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The efficacy of post-exposure prophylaxis (PEP) for HIV

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  • What is the efficacy of PEP when used for non-occupational exposure?
  • What is the efficacy of PEP when used for occupational exposure?
  • Are specific PEP regimens more efficacious than others?
  • What are key factors implicated in the efficacy or inefficacy of PEP?

 Key take-home messages

  • PEP initiated soon after exposure can reduce the risk of HIV seroconversion after occupational and non-occupational exposures, provided adherence to medications is sufficient (1–4).
  • Evidence suggests that individuals prescribed tenofovir-based two- or three-drug regimens are more likely to complete a course of PEP and have lower discontinuation rates due to adverse events compared to zidovudine-based regimens (5).
  • Guidelines from Canada and the U.S. most commonly recommend a 28-day regimen of oral tenofovir disoproxil fumarate/emtricitabine (300mg/200mg) once daily plus raltegravir (400mg) twice daily for adults and adolescents as a preferred first-line regimen for both occupational and non-occupational PEP (1–3).
  • The World Health Organization makes recommendations for PEP regimens based on differences in accessibility between high- and low-income settings (6).

The issue and why it’s important

In 2016, the Public Health Agency of Canada reported that the rate of new HIV diagnoses was the highest it had been in the last five years (7). Combining emerging biomedical prevention interventions with current prevention strategies may reduce new HIV infections (8).

One biomedical prevention strategy is post-exposure prophylaxis (PEP). PEP involves administering antiretroviral medications after exposure to HIV (1–3, 6). The World Health Organization (WHO), as well as Canadian and U.S. guidelines, recommend administering PEP within 72 hours following exposure (1–3, 6). Exposures are often distinguished into two types: occupational exposure to blood and/or other body fluids that may contain HIV in work contexts such as among health care personnel (3) and non-occupational exposure to HIV such as sexual exposure and injection drug use (1, 2).

Completion and adherence to the prescribed PEP regimen is crucial for effectiveness (6); however, medication costs have limited the feasibility and acceptability of biomedical strategies like PEP in Canada (2). Programs offering PEP have been slow to appear in the United States as well, mainly due to a lack of awareness in both providers and potential consumers (9). Expanding knowledge on biomedical interventions like PEP will contribute to the current efforts to eliminate new HIV infections (8). This review explores the efficacy of post-exposure prophylaxis for both occupational and non-occupational exposures to HIV, and the key factors implicated in its efficacy.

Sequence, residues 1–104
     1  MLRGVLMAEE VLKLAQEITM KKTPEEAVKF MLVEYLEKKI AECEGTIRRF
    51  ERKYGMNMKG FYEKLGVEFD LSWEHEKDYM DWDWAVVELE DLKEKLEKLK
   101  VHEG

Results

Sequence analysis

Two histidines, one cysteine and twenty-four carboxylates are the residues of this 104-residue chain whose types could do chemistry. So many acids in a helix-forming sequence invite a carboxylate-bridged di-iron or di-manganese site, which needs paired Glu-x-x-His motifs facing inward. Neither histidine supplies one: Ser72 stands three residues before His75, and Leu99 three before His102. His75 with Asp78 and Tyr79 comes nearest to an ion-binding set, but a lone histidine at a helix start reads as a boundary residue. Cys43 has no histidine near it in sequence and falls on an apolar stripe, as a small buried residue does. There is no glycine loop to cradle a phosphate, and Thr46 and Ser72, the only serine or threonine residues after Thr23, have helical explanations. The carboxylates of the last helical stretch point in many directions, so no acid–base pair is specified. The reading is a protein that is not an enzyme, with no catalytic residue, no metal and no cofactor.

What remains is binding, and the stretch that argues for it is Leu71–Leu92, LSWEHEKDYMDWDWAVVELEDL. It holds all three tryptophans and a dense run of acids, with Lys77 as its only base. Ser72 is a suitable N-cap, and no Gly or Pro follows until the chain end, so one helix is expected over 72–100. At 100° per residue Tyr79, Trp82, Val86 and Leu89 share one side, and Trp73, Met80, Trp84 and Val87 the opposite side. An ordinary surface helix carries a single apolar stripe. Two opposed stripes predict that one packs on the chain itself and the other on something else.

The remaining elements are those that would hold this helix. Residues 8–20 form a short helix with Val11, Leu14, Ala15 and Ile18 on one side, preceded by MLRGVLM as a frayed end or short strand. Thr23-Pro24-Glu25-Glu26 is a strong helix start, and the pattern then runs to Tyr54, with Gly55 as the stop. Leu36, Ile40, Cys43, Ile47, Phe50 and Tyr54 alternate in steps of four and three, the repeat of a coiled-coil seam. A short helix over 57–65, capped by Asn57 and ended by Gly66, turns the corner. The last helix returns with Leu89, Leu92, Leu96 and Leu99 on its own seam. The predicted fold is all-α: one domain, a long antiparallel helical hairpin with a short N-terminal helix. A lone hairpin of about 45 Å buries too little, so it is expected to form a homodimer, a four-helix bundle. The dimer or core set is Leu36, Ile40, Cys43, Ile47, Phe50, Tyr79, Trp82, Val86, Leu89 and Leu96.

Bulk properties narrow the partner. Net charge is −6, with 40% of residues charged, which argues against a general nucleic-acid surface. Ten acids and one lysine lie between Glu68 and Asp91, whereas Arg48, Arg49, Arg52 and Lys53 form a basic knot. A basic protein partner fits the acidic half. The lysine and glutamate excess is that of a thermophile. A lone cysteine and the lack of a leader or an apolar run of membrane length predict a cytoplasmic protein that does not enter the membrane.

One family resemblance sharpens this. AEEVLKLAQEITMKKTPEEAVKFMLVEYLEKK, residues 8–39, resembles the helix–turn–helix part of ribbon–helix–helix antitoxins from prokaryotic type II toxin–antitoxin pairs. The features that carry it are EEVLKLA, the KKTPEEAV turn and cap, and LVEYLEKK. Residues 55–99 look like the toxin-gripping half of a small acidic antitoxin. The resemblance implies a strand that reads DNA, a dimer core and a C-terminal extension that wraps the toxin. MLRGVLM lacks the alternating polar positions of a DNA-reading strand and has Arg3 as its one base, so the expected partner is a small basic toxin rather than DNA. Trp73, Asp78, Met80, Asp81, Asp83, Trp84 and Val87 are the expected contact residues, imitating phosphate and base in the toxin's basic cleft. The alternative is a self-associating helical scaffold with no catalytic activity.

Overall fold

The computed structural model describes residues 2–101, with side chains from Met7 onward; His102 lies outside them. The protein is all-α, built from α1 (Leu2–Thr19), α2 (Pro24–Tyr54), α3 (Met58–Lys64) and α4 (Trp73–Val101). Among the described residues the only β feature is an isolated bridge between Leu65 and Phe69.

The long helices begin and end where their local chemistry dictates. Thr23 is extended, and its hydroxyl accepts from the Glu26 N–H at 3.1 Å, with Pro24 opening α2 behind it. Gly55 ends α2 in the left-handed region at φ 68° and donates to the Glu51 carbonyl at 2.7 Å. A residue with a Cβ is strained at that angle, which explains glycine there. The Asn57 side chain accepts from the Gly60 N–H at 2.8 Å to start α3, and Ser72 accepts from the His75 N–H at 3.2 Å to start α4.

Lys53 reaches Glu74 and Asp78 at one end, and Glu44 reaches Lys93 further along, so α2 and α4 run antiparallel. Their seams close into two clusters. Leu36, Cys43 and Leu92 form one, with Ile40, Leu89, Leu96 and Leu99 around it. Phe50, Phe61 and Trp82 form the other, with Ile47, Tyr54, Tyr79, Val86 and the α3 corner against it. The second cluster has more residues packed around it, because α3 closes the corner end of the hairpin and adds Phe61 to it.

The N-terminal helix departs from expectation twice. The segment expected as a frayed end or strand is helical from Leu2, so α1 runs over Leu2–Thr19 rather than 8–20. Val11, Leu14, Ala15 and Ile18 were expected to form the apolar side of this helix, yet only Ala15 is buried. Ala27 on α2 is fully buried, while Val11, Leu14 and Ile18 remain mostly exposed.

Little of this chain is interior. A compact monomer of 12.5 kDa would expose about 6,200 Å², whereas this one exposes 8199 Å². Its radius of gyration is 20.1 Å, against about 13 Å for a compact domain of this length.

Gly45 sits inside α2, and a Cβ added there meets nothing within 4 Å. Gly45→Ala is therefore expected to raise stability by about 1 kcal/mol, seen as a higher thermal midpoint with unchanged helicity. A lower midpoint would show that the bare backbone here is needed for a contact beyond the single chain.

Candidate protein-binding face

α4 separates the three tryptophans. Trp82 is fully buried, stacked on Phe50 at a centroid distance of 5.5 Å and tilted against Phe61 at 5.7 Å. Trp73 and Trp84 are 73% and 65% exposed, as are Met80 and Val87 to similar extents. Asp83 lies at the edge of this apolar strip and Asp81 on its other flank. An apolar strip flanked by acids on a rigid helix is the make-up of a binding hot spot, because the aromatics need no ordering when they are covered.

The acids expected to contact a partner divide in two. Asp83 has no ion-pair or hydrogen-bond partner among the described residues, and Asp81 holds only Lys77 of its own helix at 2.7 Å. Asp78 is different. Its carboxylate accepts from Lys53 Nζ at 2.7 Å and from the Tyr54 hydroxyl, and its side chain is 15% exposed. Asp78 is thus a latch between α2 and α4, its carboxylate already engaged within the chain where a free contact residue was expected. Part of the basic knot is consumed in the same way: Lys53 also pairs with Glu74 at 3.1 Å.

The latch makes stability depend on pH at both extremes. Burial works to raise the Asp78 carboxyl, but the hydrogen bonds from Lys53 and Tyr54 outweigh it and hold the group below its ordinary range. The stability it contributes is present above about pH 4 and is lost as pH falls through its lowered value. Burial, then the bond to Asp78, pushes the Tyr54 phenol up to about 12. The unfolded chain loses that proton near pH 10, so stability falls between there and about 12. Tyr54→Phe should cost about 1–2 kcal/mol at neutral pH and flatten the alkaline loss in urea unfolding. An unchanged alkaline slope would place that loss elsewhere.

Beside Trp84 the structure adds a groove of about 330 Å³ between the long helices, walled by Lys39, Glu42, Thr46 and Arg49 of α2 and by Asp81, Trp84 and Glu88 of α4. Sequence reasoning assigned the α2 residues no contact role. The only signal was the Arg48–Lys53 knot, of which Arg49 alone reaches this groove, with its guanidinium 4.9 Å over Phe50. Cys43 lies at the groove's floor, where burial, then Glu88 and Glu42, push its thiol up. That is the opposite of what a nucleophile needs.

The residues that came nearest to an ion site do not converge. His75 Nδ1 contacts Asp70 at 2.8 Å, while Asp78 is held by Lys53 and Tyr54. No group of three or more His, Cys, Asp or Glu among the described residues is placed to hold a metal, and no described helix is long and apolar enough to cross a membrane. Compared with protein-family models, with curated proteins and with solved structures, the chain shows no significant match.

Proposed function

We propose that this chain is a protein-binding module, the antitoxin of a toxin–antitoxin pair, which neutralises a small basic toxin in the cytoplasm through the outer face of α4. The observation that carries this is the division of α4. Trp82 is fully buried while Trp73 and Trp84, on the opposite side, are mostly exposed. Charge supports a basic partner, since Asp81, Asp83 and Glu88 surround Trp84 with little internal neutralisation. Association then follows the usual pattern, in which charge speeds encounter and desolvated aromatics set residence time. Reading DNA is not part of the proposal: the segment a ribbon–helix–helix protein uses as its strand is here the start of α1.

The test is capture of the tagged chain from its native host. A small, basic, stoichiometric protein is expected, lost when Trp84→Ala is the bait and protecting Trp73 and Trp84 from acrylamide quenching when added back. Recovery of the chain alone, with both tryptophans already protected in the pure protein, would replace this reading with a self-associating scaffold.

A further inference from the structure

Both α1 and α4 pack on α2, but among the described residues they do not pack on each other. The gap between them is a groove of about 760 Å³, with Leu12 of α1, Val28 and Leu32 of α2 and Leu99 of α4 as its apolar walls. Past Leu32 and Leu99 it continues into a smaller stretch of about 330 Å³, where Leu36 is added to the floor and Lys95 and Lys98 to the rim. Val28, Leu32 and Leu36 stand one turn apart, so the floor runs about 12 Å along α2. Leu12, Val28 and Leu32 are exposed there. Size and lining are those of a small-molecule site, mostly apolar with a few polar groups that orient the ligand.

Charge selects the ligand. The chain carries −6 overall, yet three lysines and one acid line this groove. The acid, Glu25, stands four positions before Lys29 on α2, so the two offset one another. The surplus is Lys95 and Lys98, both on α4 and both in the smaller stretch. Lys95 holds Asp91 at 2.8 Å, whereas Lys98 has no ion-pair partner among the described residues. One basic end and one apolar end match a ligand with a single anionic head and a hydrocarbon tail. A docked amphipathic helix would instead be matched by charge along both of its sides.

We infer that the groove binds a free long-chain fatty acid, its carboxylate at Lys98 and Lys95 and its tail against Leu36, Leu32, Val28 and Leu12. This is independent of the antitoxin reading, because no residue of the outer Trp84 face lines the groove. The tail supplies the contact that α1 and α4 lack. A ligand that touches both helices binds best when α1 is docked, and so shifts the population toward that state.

What we found

Post-exposure prophylaxis (PEP)

Ideally, evidence from a randomized controlled trial comparing the effects of PEP with no intervention would provide the best evidence of the efficacy of PEP. However, conducting such a trial is neither ethical nor feasible, and none have been conducted (1). As a result, national and international PEP guidelines have based their recommendations on animal studies and observational studies in humans (1–3, 6). A single case-control study, conducted in 1997, reported the effect of occupational PEP (prescribed as ZDV monotherapy) on HIV seroconversion (4). The study identified risk factors for the transmission of HIV to health care workers from the U.S., France, Italy, and the UK who had experienced exposure to HIV-infected blood. Cases included those who had HIV seroconversion temporarily associated with the exposure, and no other reported exposures to HIV. Controls were HIV negative at the time of exposure, and for at least six months after. There was no difference in the rate at which PEP was offered to cases or controls after controlling for HIV transmission risk. However, the odds of HIV seroconversion among health care workers who had received PEP after occupational exposure was reduced by approximately 81%, compared to those who did not receive PEP (4). This study is considered the strongest example of the benefit of PEP in humans (1). Evidence from more recent studies suggests that the administration of antiretroviral medications as PEP soon after exposure, and continued for 28 days, can reduce the risk for acquiring HIV infection after occupational and non-occupational exposures, provided adherence to medications is sufficient (1).